Azelastine Hydrochloride and Fluticasone Propionate (Page 4 of 9)

Data

Animal Data
Azelastine Hydrochloride

In an embryo-fetal development study in mice dosed during the period of organogenesis, azelastine hydrochloride caused embryo-fetal death, structural abnormalities (cleft palate; short or absent tail; fused, absent or branched ribs), delayed ossification, and decreased fetal weight at approximately 610 times the MRHDID in adults (on a mg/m2 basis at a maternal oral dose of 68.6 mg/kg/day), which also caused maternal toxicity as evidenced by decreased maternal body weight. Neither fetal nor maternal effects occurred in mice at approximately 25 times the MRHDID in adults (on a mg/m2 basis at a maternal oral dose of 3 mg/kg/day).

In an embryo-fetal development study in pregnant rats dosed during the period of organogenesis from gestation days 7 to 17, azelastine hydrochloride caused structural abnormalities (oligo-and brachydactylia), delayed ossification, and skeletal variations, in the absence of maternal toxicity, at approximately 530 times the MRHDID in adults (on a mg/m2 basis at a maternal oral dose of 30 mg/kg/day). Azelastine hydrochloride caused embryo-fetal death and decreased fetal weight and severe maternal toxicity at approximately 1200 times the MRHDID (on a mg/m2 basis at a maternal oral dose of 68.6 mg/kg/day). Neither fetal nor maternal effects occurred at approximately 55 times the MRHDID (on a mg/m2 basis at a maternal oral dose of 3 mg/kg/day).

In an embryo-fetal development study in pregnant rabbits dosed during the period of organogenesis from gestation days 6 to 18, azelastine hydrochloride caused abortion, delayed ossification and decreased fetal weight and severe maternal toxicity at approximately 1100 times the MRHDID in adults (on a mg/m2 basis at a maternal oral dose of 30 mg/kg/day). Neither fetal nor maternal effects occurred at approximately 10 times the MRHDID (on a mg/m2 basis at a maternal oral dose of 0.3 mg/kg/day).

In a prenatal and postnatal development study in pregnant rats dosed from late in the gestation period and through the lactation period from gestation day 17 through lactation day 21, azelastine hydrochloride produced no adverse developmental effects on pups at maternal doses up to approximately 530 times the MRHDID (on mg/m2 basis at a maternal dose of 30 mg/kg/day).

Fluticasone Propionate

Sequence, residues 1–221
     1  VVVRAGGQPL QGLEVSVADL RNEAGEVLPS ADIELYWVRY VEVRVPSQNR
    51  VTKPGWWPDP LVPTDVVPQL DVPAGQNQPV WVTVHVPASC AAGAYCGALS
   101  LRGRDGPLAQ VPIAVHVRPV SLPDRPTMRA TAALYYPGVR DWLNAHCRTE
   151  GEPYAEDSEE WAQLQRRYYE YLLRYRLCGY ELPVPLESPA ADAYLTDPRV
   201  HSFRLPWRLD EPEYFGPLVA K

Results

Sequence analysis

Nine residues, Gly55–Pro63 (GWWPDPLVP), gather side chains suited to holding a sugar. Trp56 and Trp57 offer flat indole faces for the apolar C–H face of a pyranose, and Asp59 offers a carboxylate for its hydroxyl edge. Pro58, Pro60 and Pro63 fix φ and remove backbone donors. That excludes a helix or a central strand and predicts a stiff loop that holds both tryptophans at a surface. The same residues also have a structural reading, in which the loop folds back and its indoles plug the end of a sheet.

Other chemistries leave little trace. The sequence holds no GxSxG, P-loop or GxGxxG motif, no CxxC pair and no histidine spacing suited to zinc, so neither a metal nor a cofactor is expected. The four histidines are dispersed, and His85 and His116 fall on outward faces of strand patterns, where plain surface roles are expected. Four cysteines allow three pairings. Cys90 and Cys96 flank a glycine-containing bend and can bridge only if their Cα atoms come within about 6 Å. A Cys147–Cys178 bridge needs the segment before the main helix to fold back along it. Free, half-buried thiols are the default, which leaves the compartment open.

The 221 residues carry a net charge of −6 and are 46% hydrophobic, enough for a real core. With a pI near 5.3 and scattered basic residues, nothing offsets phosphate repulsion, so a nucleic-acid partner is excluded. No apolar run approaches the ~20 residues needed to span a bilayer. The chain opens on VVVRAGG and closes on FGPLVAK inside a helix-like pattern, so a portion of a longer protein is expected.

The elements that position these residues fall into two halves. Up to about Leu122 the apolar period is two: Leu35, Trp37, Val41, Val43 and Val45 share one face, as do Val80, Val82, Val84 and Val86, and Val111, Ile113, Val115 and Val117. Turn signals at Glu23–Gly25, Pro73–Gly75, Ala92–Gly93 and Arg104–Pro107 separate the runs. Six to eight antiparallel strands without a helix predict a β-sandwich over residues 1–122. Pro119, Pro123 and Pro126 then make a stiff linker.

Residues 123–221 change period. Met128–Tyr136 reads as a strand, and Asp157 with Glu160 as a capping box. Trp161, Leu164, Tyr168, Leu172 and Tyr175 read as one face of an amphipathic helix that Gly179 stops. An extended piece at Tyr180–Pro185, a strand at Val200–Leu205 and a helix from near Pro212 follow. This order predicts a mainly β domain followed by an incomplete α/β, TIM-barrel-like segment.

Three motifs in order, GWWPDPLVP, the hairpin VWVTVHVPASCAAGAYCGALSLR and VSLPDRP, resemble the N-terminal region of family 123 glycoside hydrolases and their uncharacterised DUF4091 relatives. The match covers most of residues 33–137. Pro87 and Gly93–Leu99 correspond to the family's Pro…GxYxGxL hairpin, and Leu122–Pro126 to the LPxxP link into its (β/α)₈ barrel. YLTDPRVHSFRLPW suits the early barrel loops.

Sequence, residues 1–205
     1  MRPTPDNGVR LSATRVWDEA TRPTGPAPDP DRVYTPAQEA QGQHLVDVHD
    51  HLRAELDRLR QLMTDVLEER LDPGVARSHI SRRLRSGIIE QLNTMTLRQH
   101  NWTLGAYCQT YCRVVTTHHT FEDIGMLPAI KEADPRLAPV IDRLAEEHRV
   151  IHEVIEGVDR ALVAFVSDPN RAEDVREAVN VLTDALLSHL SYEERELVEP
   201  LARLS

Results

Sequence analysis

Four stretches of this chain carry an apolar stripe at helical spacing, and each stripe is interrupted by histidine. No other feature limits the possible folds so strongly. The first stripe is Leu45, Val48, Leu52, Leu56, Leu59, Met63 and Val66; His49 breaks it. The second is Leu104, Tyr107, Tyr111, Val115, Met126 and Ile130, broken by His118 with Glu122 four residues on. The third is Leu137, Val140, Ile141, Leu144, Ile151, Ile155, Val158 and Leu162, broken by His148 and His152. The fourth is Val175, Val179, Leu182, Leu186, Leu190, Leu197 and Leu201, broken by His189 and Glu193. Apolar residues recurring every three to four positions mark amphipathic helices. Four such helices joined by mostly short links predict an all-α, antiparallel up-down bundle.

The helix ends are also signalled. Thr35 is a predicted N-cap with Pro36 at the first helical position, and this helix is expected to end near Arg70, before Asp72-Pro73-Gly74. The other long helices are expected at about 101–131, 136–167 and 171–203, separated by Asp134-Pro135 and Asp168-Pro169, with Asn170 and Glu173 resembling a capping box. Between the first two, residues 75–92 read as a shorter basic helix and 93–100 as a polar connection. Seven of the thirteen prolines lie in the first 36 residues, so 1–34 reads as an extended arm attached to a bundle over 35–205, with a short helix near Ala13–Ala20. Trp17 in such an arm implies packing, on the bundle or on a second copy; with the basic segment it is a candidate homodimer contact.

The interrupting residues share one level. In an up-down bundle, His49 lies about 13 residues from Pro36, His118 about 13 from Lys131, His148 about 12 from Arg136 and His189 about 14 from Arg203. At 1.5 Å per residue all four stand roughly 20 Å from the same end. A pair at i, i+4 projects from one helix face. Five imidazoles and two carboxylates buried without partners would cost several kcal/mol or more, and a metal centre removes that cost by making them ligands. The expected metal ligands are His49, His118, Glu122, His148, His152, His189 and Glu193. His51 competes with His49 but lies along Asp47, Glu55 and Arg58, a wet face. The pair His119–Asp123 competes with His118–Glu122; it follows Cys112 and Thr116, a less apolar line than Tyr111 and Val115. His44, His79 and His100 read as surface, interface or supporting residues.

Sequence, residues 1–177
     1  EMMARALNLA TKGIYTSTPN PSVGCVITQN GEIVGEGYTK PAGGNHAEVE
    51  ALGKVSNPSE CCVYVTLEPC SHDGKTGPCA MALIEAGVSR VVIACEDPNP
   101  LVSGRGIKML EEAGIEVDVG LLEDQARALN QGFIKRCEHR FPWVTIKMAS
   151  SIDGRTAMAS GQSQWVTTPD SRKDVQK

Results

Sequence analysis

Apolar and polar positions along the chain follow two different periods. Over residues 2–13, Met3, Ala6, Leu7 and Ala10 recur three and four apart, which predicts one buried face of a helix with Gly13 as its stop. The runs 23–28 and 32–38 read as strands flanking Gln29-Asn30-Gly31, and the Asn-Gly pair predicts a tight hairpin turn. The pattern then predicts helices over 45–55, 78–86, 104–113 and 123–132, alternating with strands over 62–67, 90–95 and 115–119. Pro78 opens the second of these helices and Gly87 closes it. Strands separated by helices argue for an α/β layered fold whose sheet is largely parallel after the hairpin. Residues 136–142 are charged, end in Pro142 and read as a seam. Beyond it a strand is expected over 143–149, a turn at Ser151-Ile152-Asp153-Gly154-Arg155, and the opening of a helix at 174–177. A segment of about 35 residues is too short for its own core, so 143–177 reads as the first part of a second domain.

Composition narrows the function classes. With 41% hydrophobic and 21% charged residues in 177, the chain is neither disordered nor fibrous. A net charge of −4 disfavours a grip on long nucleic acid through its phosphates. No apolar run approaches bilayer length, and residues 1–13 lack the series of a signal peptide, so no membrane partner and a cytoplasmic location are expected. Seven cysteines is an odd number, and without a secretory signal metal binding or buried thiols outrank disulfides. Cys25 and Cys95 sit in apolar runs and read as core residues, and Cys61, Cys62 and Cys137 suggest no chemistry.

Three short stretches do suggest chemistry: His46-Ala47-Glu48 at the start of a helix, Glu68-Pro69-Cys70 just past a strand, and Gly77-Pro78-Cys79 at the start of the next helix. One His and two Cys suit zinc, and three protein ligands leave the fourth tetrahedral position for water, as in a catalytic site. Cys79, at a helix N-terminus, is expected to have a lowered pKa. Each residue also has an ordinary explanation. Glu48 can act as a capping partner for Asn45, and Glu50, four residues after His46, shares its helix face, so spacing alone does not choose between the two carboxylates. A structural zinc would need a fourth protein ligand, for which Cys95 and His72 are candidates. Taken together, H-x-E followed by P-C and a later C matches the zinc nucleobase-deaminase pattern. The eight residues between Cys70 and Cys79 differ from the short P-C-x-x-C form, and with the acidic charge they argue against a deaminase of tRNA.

In embryofetal development studies with pregnant rats and mice dosed by the subcutaneous route throughout the period of organogenesis, fluticasone propionate was teratogenic in both species. Omphalocele, decreased body weight, and skeletal variations were observed in rat fetuses, in the presence of maternal toxicity, at a dose approximately 5 times the MRHDID (on a mg/m2 basis with a maternal subcutaneous dose of 100 mcg/kg/day). Neither fetal nor maternal effects occurred in rats at approximately 1 times the MRHDID (on a mg/m2 basis with a maternal subcutaneous dose of 30 mcg/kg/day). Cleft palate and fetal skeletal variations were observed in mouse fetuses at a dose approximately 1 times the MRHDID (on a mg/m2 basis with a maternal subcutaneous dose of 45 mcg/kg/day). Neither fetal nor maternal effects occurred in mice with a dose approximately 0.4 times the MRHDID (on a mg/m2 basis with a maternal subcutaneous dose of 15 mcg/kg/day).

In an embryofetal development study with pregnant rats dosed by the nose-only inhalation route throughout the period of organogenesis, fluticasone propionate produced decreased fetal body weights and skeletal variations, in the presence of maternal toxicity, at a dose approximately 1 times the MRHDID (on a mg/m2 basis with a maternal nose-only inhalation dose of 25.7 mcg/kg/day); however, there was no evidence of teratogenicity. Neither fetal nor maternal effects occurred in rats with a dose approximately 0.25 times the MRHDID (on a mg/m2 basis with a maternal nose-only inhalation dose of 5.5 mcg/kg/day).

In an embryofetal development study in pregnant rabbits that were dosed by the subcutaneous route throughout organogenesis, fluticasone propionate produced reductions of fetal body weights, in the presence of maternal toxicity, at doses approximately 0.06 times the MRHDID and higher (on a mg/m2 basis with a maternal subcutaneous dose of 0.57 mcg/kg/day). Teratogenicity was evident based upon a finding of cleft palate for 1 fetus at dose approximately 0.4 times the MRHDID (on a mg/m2 basis with a maternal subcutaneous dose of 4 mcg/kg/day). Neither fetal nor maternal effects occurred in rabbits with a dose approximately 0.01 times the MRHDID (on a mg/m2 basis with a maternal subcutaneous dose of 0.08 mcg/kg/day).